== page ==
Interesting to see the result of a collaboration between a large established practice like Scott Tallon Walker and a new up-and-coming practice like Edward Williams Architects. Here the collaboration is called an 'association' - but I wonder who has done what to get this large complex project successfully though planning. Clients often favour teams of 2 or 3 architects on risky projects to 'cover all bases.; but for the architects it can be a complicated 'marriage of convenience'; and for all it usually a 'learning experience'. I look forward to seeing which architect has gained the client's confidence to take leadership of the project as design development and construction phases start.
The BBC's bias is a real pity. Mass media, and especially the BBC and the Open University, influence not only how we perceive the past, but also how we plan for the future. Research shows that diverse teams are more productive, more successful and more creative. 'A Danish study found that companies with good numbers of women on the board outperformed those with no women by 17% higher return on sales and 54% higher return on invested capital.' 'Leeds University Business School reports that having at least one female director on the board appears to cut a company’s chances of going bust by about 20%. Having two or three female directors lowers the risk even more.' As the economy picks up, architectural practices need the best people - and that includes women. 'Looking to the future, 63.6% of girls achieve 5 or more GCSEs at grade A* to C or equivalent, including English and mathematics, GCSEs compared to 54.2% of boys' The architectural profession needs to look around itself and see what is happening in other traditionally masculine businesses like Lloyds Bank (who recently announced 40% of its 5,000 senior workforce will be made up of women within the next six years) and realise that urgent action is needed now. Practices and the RIBA need to be pro-active to support more women to take senior positions in practices. For more data about the advantages of having more women working : http://opportunitynow.bitc.org.uk/WomenWorkFactsheet#sthash.yanfQHLf.dpuf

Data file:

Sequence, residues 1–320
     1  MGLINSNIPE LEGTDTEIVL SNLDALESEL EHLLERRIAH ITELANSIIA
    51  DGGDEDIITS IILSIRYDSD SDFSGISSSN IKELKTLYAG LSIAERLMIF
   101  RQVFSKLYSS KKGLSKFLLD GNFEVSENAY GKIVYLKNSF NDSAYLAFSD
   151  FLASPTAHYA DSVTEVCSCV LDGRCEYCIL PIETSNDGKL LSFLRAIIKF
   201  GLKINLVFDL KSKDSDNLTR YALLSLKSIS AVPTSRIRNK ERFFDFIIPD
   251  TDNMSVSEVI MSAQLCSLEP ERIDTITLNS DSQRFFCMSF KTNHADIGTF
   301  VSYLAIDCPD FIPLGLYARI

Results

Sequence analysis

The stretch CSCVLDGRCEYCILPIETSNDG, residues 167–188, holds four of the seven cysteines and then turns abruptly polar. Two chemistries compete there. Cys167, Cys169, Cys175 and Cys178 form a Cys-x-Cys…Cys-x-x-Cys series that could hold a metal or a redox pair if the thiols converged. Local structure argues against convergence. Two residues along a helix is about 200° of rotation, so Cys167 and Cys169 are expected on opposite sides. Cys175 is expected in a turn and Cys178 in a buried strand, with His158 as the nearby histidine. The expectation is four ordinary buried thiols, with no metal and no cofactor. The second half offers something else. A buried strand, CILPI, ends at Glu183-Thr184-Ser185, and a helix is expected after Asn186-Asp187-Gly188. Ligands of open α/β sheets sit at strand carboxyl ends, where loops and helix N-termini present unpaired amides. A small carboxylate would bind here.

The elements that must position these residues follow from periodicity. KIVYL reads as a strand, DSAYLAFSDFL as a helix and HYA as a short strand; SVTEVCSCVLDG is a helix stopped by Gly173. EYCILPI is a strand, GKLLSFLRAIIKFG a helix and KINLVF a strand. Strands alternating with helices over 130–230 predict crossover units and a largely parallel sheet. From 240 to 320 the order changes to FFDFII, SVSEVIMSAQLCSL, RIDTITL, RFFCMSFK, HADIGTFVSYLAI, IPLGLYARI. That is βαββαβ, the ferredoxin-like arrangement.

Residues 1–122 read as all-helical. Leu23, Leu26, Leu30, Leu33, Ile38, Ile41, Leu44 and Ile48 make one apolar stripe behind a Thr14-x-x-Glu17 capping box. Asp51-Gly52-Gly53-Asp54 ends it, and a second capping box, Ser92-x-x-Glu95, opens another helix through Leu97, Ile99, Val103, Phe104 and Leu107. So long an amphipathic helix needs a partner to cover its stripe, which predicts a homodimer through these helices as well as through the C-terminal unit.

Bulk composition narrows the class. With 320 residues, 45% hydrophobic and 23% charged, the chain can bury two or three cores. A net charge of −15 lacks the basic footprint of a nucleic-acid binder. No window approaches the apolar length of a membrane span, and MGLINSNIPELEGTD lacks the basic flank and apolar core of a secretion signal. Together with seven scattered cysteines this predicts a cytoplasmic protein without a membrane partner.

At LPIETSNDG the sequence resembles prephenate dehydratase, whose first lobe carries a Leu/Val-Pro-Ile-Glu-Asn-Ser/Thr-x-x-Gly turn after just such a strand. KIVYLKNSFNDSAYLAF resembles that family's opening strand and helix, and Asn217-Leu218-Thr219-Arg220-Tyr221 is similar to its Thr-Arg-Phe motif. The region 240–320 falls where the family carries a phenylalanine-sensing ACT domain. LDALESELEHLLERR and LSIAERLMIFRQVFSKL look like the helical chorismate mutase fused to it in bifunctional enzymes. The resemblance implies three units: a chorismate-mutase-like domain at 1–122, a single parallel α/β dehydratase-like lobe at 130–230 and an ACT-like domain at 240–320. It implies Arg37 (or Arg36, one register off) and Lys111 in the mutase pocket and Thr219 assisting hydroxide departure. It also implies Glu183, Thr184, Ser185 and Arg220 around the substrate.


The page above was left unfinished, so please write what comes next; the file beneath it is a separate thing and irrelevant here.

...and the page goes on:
Comment on: Avanti wins Florey revamp contest
I am surprised that local Oxford practice Berman Guedes Stretton have not won this job - especially since Alan Berman is a world expert on Stirling. On another note, I hope that this was not another example of opportunistic clients getting lots of creative ideas from architects for very little; or architects giving away their innovative ideas for free? Any comments from the RIBA competition review group?
Thanks for the clarification about the competition - I am glad to hear that the competition organisers did not ask for significant design work to be done up front for free; good that the selected architects will be paid for their input. I was basing my comments on the information concerning numbers of entries in the article above and the illustrations in the AJ digital edition which are exquisite and look like CGIs of a design scheme produced by architects. The images are not credited - so sorry if I jumped to the wrong conclusion. This does not change my mind about competitions which I believe are a waste of resources and an inefficient way for clients to select architects and for buildings to be procured.
Another competition with a long 'short-list' of architects spending vast amounts of money in the hope of winning a high-profile job. 40 practices submitted detailed designs with beautifully rendered CGIs; 6 practices have been short-listed and are getting some publicity; 3 will develop their designs; one will 'win'. But will the project even be built? This site has a history of public and local authority opposition to development if I remember rightly. There is so much waste in the competition system and the high stakes make it impossible for small practices with modest incomes to compete. So the result is a list of AJ100 practices, again. Clients and commissioning authorities are taking advantage of architects. I believe the RIBA has instigated a review of the competition process. I hope that the RIBA will recommend restricting the amount of work done by architects and limit the number of practices on the short-list to 3. The time frame also needs to be reduced - this process takes too long and creates too much uncertainty. Clients should be encouraged to make decisions and appoint their architects properly. We all know that the best projects are the result of a collaboration with client and designer which does not come from a competition scheme.